All Things Considered
All Things Considered
Friday, January 25, 2008

Minnesota Public Radio Stories


National Public Radio Stories

  • Democrats Await Outcome of S. Carolina Vote
    Republicans had their turn last week in South Carolina. On Saturday, the Democrats have their say. Barack Obama, Hillary Clinton and John Edwards are making last-minute appeals to the voters of the Palmetto State, but the stakes are perhaps higher for Obama and Edwards.
  • S.C. Polls Show Edwards Gaining, Many Undecided
    A Clemson University poll on the Democratic race in South Carolina out Thursday shows Barack Obama leading with 27 percent, Hillary Clinton second with 20 percent and John Edwards gaining with 17 percent. He had just 12 percent in a previous poll. Some 36 percent of people still call themselves undecided or refuse to answer the poll.
  • Study: 70 Percent of Army Recruits Have Diplomas
    A new study by NPP, a research group that looks at military trends, has concluded that last year, barely 70 percent of new Army recruits had high school diplomas. That's the lowest number in a quarter-century. The Pentagon has attacked the study, saying it's getting the recruits it needs.
  • Museums Suspected in Tax Fraud, Stolen Artifacts
    Federal agents have raided the Los Angeles County Museum of Art, the Bowers Museum in Santa Ana and the Mingei International Museum in San Diego, and a warrant was issued for Pasadena's Pacific-Asia Museum. Authorities say the museums received looted Asian and Native American artifacts.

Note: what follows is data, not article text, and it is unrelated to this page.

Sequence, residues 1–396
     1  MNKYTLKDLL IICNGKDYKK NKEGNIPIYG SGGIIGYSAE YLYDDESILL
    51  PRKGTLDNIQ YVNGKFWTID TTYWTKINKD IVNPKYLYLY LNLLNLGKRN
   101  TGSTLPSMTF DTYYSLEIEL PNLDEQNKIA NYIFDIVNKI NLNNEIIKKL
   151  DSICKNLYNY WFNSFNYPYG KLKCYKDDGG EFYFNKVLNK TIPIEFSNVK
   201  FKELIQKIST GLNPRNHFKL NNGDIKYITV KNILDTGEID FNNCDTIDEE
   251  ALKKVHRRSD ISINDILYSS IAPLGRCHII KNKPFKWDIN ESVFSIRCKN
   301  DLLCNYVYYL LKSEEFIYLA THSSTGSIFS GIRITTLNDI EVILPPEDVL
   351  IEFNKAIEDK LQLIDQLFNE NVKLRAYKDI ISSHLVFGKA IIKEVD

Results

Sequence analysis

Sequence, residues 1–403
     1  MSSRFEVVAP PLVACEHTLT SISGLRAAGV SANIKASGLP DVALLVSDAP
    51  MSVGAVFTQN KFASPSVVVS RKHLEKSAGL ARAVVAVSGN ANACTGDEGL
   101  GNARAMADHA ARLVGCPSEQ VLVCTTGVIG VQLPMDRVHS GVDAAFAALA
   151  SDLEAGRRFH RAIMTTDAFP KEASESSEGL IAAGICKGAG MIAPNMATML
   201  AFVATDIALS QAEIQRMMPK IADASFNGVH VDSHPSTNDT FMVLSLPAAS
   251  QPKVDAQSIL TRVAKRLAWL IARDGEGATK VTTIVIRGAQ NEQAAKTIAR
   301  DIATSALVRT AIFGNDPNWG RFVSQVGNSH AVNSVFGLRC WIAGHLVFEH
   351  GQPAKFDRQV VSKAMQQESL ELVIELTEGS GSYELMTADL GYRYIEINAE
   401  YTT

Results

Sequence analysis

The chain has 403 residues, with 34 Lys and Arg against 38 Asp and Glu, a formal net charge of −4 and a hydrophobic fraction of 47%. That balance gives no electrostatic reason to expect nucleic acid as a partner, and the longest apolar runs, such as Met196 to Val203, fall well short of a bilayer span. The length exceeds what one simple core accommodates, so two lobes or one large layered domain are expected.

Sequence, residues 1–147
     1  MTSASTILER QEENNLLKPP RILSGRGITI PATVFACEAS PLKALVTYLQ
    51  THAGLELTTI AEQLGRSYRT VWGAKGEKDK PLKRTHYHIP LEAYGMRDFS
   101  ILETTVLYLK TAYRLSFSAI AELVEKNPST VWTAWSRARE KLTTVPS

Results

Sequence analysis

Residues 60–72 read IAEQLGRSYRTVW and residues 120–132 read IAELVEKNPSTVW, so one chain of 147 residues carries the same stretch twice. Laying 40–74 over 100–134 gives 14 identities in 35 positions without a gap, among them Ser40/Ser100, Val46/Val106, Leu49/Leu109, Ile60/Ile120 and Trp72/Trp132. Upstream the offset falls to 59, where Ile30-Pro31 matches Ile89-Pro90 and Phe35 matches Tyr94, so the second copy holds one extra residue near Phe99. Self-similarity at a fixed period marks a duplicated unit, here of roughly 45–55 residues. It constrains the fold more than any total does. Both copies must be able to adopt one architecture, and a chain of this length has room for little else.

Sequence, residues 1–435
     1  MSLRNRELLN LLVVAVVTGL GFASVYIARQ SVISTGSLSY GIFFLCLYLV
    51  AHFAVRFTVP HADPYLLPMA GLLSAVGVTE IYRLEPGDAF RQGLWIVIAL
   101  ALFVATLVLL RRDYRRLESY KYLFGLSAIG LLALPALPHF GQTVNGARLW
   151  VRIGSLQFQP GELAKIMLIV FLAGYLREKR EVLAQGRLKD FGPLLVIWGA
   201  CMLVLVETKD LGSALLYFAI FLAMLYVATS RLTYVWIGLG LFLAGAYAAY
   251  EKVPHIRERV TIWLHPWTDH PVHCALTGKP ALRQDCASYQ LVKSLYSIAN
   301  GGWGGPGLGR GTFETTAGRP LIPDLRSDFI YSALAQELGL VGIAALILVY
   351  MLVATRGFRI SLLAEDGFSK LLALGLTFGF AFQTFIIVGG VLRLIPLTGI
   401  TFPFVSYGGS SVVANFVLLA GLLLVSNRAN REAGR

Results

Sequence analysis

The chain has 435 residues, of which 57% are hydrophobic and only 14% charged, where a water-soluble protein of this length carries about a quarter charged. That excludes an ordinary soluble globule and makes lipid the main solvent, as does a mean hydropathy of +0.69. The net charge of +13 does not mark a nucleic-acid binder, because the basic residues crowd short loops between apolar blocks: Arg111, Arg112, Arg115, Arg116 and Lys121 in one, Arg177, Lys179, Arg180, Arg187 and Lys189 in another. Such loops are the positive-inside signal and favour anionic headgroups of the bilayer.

• Lender Offers Tips for Those Looking to Refinance
    The Federal Reserve's decision to cut a key interest rate this week prompted a burst of activity in the mortgage market, as homeowners tried to figure out whether to refinance. Russell Rothstein, the director of mortgage lending for Beacon Mortgage in Rockville, Md., offers advice.
  • Economic Woes Test Bernanke's Leadership
    Federal Reserve Chairman Ben Bernanke's ability to lead the Central Bank is being tested by the subprime mortgage crisis and the faltering economy. The interest rate cut earlier this week demonstrates that he's willing to make bold moves but he's been criticized for acting too late.
  • Tax 'Rebate' Is Borrowed Money in Disguise
    Commentator Marc Acito says the proper response when receiving a gift is to simply say "thank you," whether or not you wanted it. But, he says, it's hard to be grateful for this latest gift from our government. Acito says this "rebate" isn't a gift at all. It's borrowed money, and it's time we started paying it back.
  • Native Species Among Victims of Calif. Fires, Floods
    Recent wildfires and flooding in Southern California have wiped out populations of native fish and amphibians in the region. Scientists warn that officials need to do more to ensure that the state's dwindling native species survive.
  • A Restaurant for the Birds Welcomes All
    As temperatures drop, homeowners put more effort into feeding their feathered neighbors. Commentator Julie Zickefoose realizes that not all of the birds at a feeding station are welcome, but the undesirables might just be vital.
  • Entrepreneurs Reflect on Wall Street's Scary Week
    The volatility in stock markets around the world appears to have subsided, at least for now. But the past 10 days have been a wrenching ride for investors, and many analysts still don't understand what set off the slide. NPR's Adam Davidson profiles two entrepreneurs and how the market turmoil affected them.

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